The Girl Who Thought in Pictures: The Story of Dr. Temple Grandin

The Girl Who Thought in Pictures: The Story of Dr. Temple Grandin is an inspiring true story about a woman born in Boston, who was “unique from the start”.  She was unable to speak by age 3 and didn’t enjoy hugs.  The story continues to draw you a picture of a withdrawn girl. She doesn’t enjoy the “normal” things.  Something is different about Temple.  
 
 
Yet, her mother finds special teachers to help Temple and discovers her diagnosis. They diagnose her with autism and explain that she was “different, not less”, and instead, thought in pictures!
 
In school, Temple gets picked on by classmates for repeating her words.  One day, she loses her temper and throws a book at another child.  This incident forces her out of school but became a turning point for Temple.   
 
Her mother sends Temple to an aunt’s farm and where she discovers her love language...animals!  As she grows up on this farm and attends a more supportive school, her imagination begins to soar.  
 
She builds an invention mimicking cows snug in a cage hugging her with boards, instead of arms.  This keeps Temple calm and makes her feel special!  She vows to offer more humane solutions for beef raising farms.  
 
The book continues to discuss in poetry format her fascinating adult life.  Temple graduates with 3 degrees! Her tenacity to help farms raising cattle turns out to be a huge success.  Eventually, several farms adopt her design of transporting livestock in a peaceful and calm way.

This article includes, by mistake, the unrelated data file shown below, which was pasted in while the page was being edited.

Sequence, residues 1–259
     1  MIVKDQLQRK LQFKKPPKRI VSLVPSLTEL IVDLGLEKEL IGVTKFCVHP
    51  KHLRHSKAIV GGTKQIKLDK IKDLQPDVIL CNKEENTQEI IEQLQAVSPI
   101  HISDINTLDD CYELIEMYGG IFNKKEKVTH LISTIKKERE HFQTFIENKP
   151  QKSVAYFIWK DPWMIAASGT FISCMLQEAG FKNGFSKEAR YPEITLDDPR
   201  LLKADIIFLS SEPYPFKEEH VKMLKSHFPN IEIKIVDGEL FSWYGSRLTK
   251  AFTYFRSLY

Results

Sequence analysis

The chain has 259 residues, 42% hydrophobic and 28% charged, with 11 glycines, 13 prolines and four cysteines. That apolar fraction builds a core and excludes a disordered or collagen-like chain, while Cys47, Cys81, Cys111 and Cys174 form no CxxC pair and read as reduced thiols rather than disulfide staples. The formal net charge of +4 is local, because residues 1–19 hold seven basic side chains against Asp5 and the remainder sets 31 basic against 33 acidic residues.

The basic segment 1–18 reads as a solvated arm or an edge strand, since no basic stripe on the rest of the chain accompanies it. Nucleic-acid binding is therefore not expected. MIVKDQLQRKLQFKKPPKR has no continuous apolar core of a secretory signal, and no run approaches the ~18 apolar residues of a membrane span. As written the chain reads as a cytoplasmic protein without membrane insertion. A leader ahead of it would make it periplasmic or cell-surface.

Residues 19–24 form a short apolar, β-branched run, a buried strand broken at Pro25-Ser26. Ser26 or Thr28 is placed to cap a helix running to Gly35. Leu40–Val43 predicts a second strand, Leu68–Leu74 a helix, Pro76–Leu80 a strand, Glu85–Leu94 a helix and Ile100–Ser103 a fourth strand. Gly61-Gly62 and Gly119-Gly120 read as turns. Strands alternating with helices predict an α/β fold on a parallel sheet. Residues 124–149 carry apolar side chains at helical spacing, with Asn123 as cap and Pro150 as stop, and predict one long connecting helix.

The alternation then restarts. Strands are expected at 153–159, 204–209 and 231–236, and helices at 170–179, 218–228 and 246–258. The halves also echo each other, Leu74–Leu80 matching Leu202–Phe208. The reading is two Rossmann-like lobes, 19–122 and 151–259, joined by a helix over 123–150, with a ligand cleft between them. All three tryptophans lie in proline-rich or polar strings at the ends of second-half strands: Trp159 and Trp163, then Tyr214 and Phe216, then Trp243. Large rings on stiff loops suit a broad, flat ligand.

This book contains adorable images. The drawings remind me of the picture book There Was An Old Lady Who Swallowed A Fly.  It is a very easy read for elementary-aged children using a galvanizing poem.   This would also make a great read-aloud for preschool-aged children.

Synopsis

As a homeschool teacher, I was thrilled to obtain an advance copy for review. It's a great resource for a unit study, especially for young girls.  Here is a 5-day unit study I created for more inspiration.  

 
 
1. Read Temple’s story together.
2. Review Temple's incredible obstacles. Ask your student to write a few sentences how it inspired her.
3.  Review the contemporary timeline and discuss further.
4. Write a letter to Temple thanking her for being such an inspiration.  
5. Go to the library and check out some more books or a video about her or another inspiring female. 
 
This is an empowering story for females around the world! It reminds us how we can all use our "shortcomings" and transform them into powerful achievements!
 
I would highly recommend picking up a copy of this The Girl Who Thought in Pictures.  Any girl of any age will be encouraged, enlightened, and empowered reading this delightful story!

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